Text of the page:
hawkesbury-river

australiangeographic.com.au
The march of the brush turkey
This tenacious Australian bird has been defiantly spreading across the east coast to reclaim much of its pre-European range.

The natural range of the bird – also known as the bush or scrub turkey – stretches along the east coast from far north Queensland to the Illawarra, south of Sydney. It has never been endangered, but after several centuries of habitat loss and predation by cats and foxes, it did become scarce across large areas.

So what was this prehistoric-looking creature doing in the concrete jungle of Neutral Bay, 4km from the city’s CBD, rather than in the deep shadows of the forest? Until the past 20 years or so, turkeys were virtually unknown south of the Hawkesbury River, but, as I soon discovered, they have been on the march in recent decades, determinedly reclaiming their likely historic range. Some Sydneysiders greeted their arrival as a wildlife good-news story, but for others, it meant the outbreak of war in the suburbs…

Don’t let your brain be lazy, teach it to interpret things in such a way that you end up having continuous mind explosions.

Last week I challenged myself to stop wondering and start wandering more, and then set the challenge to hunt for memories and stories this Easter weekend, instead of eggs.

I had a pretty busy, work filled weekend, so didn’t get that much opportunity to go on a big wander, but I went on a little one on route to my parents house on the Central Coast, and realised that little wanders can be just impacting, if not more, than big ones.

I pulled over along the freeway - just after the Brooklyn bridge, walked through the bush a little and then perched myself on a cliff edge about 100m above the Hawkesbury River - it is truly magical up there… And slightly terrifying! I don’t know how long I sat there for as I didn’t check the time. I just sat and pondered, until I felt like I had unraveled all the messy knots in my brain. Then on my way out I collected a bunch of big sticks and branches to get DIY crazy with. It was a real simple wander, that completely cleansed me.

Where did you wander to this weekend?

Made with Instagram
You were faster, taller, stronger

We swam to shore - a long way off -
heads bobbing, like hugs above water.
The salt stung my eyes. I could see the beach -
a long way off. Feet were moving

in the deep green, where it was cooler.
The fear crept up where I couldn’t see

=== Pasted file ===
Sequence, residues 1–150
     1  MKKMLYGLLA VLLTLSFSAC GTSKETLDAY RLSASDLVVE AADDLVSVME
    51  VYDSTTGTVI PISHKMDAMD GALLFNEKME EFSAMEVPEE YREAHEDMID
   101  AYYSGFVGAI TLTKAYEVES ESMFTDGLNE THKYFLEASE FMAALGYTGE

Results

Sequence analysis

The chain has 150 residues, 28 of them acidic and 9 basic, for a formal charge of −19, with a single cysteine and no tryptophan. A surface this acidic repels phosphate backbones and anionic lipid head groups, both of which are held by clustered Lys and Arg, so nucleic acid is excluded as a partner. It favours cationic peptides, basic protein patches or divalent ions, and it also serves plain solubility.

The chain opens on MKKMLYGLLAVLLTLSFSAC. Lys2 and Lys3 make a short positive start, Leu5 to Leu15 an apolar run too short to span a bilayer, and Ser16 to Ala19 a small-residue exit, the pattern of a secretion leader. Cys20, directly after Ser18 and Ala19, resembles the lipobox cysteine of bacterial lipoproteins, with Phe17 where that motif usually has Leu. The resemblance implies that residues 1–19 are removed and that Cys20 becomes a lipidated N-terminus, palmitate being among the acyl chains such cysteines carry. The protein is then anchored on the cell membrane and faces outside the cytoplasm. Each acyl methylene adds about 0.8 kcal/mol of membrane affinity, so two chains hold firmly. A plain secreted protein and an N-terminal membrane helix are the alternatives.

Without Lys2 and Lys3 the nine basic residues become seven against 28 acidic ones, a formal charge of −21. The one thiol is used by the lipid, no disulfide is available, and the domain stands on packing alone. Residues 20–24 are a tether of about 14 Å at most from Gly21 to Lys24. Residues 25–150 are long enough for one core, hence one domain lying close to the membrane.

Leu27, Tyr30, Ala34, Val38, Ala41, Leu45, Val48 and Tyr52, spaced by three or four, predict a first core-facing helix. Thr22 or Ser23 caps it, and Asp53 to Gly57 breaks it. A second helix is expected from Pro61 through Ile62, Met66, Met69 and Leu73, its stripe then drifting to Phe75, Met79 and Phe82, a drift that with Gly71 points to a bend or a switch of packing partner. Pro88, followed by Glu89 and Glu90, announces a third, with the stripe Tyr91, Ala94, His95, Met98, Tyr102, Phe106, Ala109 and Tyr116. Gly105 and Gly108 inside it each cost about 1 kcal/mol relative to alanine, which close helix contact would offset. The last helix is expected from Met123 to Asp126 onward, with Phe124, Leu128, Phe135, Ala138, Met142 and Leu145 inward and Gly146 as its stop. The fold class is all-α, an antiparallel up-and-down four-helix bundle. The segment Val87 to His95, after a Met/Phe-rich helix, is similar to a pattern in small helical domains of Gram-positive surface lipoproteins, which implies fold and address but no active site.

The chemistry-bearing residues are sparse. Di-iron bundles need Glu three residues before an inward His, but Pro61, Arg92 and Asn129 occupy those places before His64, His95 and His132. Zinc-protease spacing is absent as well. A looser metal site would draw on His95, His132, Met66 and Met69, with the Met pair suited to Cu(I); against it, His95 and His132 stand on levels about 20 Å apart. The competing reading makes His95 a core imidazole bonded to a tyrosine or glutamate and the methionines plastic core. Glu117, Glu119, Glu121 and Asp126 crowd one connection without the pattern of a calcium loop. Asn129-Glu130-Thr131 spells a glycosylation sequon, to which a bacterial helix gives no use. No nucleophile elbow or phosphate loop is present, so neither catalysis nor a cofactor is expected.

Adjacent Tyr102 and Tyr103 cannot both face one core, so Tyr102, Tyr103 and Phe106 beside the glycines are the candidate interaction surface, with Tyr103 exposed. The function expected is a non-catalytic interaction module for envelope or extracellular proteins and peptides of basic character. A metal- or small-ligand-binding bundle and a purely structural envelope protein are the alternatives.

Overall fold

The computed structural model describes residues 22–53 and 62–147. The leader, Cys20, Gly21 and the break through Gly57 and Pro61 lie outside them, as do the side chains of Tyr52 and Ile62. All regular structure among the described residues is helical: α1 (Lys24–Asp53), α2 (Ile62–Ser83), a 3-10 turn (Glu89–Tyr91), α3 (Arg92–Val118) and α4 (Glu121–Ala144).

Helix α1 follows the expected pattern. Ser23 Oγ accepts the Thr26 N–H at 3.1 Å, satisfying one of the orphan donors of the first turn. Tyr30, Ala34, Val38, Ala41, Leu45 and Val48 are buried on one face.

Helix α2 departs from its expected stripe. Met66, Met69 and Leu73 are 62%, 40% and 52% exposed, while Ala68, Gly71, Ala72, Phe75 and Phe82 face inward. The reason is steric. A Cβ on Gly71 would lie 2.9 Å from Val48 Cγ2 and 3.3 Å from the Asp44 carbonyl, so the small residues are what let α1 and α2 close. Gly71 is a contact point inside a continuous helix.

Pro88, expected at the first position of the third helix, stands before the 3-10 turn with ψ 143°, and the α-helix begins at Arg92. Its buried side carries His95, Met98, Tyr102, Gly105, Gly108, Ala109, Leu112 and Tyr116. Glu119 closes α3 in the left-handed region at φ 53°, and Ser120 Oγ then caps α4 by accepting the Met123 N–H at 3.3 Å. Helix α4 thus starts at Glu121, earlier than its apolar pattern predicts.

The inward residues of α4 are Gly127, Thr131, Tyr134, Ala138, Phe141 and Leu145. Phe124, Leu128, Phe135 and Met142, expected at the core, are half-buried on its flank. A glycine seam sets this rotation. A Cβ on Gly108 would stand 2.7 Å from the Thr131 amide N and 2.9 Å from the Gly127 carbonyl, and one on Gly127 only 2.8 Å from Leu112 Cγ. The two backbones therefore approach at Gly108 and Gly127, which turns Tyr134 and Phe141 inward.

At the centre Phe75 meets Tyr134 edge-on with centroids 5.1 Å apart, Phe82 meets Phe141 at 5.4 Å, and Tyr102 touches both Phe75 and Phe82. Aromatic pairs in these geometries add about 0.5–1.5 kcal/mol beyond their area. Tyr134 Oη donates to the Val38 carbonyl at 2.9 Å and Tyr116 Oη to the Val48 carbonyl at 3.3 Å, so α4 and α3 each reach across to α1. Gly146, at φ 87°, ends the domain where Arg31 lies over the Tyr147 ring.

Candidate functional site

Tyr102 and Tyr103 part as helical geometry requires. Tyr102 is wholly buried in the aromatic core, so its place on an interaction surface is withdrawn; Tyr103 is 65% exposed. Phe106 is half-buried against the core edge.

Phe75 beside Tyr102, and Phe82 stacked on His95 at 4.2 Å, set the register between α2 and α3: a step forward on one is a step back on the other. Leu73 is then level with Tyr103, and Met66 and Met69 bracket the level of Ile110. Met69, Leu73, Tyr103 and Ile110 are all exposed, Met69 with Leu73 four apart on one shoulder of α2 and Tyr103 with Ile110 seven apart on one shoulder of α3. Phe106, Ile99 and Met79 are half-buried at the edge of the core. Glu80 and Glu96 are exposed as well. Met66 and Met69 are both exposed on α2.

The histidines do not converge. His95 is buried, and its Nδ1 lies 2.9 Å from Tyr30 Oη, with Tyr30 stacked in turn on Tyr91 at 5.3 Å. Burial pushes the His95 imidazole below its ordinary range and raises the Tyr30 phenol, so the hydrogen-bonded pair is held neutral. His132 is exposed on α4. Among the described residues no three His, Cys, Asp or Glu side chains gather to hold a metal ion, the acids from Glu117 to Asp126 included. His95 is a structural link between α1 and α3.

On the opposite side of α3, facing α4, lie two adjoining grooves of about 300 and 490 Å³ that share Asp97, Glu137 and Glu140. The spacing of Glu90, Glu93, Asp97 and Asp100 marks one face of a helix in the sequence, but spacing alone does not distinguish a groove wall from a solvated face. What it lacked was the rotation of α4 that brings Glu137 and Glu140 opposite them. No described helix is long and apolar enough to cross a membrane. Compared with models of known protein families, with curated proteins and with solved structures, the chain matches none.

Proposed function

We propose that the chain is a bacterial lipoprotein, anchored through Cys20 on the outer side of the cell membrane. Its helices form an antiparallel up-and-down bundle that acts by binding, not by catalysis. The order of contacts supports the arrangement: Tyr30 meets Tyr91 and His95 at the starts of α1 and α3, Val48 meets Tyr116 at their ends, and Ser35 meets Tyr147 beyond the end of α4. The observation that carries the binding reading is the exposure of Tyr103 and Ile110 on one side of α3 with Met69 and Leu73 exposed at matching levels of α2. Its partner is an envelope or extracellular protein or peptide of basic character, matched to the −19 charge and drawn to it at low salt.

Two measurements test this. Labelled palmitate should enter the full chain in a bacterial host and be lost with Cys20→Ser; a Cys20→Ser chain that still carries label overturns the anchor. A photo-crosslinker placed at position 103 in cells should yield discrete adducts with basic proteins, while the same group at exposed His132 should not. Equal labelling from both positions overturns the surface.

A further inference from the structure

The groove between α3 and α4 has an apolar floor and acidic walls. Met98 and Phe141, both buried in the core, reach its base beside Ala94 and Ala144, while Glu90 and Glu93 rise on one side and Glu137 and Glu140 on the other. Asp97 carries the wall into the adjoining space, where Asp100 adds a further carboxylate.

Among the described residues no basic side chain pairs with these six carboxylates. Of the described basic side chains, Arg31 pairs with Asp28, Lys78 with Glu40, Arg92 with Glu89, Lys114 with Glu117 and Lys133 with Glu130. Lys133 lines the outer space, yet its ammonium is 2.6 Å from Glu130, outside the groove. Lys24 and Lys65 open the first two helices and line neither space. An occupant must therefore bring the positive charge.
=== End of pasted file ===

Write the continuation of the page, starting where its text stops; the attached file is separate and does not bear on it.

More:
and filled my mouth half full with water.
Legs were strong, and hands too; 

wobbly in the wake of holiday makers.
They charged the surface, not touching
down deep the colder waters.
Moving half way around the world

this body feels its own strength,
and lack of it, in tiresome motions.
This skin bag of water
different but the same beneath the surface:

I can do this, if you don’t betray me
in that little boat, to taunt me
with inadequacy and the contrast
of you up there and me down here.

The cougar of Bilpin

I was at a family dinner a few weeks ago and my folks brought up a story that they had been told about a big cat attack in Bilpin in Australia’s Blue Mountains. A friend of theirs who lives in the area had their pet alpaca mauled and killed in the night.

They were alerted to the attack by the barks of their pet dog and when they went out to investigate, they found the dead alpaca. After calling the authorities, several paw prints were located along with some fur, and combined with the method of the attack, it was concluded that it was a big cat.

I did a quick Google search and found an article about the incident as well as an interesting video outlining the history of big cat sightings along the Hawkesbury River over a period of several decades.

The incident really piqued my curiousity as Australia has no large predators and, well, it’s about a big cat attacking an alpaca in the Blue Mountains. The article calls the big cat the Hawkesbury panther but at dinner we decided to call it the cougar of Bilpin. Apparently it had escaped from a circus (or been let out from a zoo or any other number of theories) and thrives in the Australian bush as it is the only large predator with no real enemies.

At the end of the day, it’s an interesting story. But really, who has a pet alpaca?